the matter, don't like no black snake no how Mmm, mmm, wonder where
my black snake gone? Mmm, mmm, wonder where this black snake gone?
Black snake mama done run my darlin' home
While some blues music expresses sexual content in hidden
metaphors, some blues songs are full of overt and graphic sexual descriptions
that reveal some very interesting things about the early twentieth
century. In particular, Lucille Bogan (a.k.a. Bessie Jackson) sang
songs about various topics, some of which including sex, prostitution
and alcoholism. In a notorious "dirty" version of "Shave
em' Dry", she lets loose with all sorts of sexual references
and sugar coats nothing. We actually get a lot insight here into the
slang and swearing that was used at the time. This 1935 recording
shows us that much of the slang terminology used today that is considered
"foul language" was in use back then.
The lyrics of this song are explicit and can be viewed at the following
Again, both male and female blues singers performed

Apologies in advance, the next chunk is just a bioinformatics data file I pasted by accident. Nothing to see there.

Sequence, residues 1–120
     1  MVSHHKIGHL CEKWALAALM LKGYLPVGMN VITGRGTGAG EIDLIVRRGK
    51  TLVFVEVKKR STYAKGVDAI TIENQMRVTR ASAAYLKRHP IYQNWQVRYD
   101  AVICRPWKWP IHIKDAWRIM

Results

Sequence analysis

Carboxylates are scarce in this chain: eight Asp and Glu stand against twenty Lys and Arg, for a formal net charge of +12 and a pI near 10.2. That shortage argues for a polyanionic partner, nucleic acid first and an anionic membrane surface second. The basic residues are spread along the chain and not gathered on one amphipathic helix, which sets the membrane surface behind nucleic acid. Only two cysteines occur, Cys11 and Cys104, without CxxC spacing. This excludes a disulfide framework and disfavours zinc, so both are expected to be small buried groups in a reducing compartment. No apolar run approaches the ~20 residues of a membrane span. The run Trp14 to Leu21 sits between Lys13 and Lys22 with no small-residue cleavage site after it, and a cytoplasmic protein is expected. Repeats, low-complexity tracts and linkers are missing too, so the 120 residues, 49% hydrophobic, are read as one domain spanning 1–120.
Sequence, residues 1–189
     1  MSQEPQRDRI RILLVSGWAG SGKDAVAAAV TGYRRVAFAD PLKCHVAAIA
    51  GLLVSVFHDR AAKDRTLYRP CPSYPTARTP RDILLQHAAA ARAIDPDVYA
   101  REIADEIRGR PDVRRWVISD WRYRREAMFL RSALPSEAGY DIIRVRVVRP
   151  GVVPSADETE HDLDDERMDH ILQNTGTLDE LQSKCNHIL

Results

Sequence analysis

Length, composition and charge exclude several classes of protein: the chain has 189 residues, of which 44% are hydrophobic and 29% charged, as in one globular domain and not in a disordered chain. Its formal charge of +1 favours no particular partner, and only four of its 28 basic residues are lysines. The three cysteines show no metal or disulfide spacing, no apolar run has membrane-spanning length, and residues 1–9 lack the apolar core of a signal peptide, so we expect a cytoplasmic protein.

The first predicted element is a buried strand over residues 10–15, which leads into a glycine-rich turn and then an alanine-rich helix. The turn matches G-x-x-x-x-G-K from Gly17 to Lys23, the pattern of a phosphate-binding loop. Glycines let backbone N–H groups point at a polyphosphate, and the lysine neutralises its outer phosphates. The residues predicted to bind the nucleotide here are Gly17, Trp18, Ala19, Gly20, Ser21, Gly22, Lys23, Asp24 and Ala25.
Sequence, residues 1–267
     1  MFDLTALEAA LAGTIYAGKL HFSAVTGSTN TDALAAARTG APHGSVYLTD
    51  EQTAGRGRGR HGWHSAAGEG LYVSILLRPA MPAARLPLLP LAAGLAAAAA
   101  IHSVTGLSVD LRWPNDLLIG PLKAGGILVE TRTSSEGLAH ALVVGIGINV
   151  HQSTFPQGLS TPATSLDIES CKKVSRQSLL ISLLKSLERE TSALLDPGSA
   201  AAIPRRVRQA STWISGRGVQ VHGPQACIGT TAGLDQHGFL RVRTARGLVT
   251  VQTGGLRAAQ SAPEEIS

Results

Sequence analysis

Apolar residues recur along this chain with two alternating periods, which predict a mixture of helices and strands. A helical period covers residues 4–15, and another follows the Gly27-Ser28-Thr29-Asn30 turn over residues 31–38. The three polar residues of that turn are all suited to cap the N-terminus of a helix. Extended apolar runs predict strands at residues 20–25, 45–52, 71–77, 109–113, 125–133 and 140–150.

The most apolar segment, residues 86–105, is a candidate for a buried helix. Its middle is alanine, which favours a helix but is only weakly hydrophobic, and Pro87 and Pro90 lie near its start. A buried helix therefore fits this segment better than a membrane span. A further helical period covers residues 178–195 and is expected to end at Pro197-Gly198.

songs with overtly sexual lyrics. In the blues music of the early
twentieth century, there do not seem to be clearly expected gender
roles to be adhered to for men and women. Like Lucille Bogan, Bo Carter
performed some racy, sexually themed tunes. In the song "Warm
My Wiener", Carter is begging a woman to pleasure him. Though
there is a hot dog metaphor being used in the song, it is made clear
what he is talking about when he says things like "Said some
says it takes hot water, baby, can't you see, But your heat, baby's,
plenty warm enough for me" and "Won't you just warm my wiener
'cause it don't really feel right cold". Many of the more overtly
sexual songs were likely to have been less about profound emotional
expression of serious topics, like fear of abandonment by a loved
one, and more for entertainment purposes. Although, clearly these
songs do express a natural human condition: the physiological need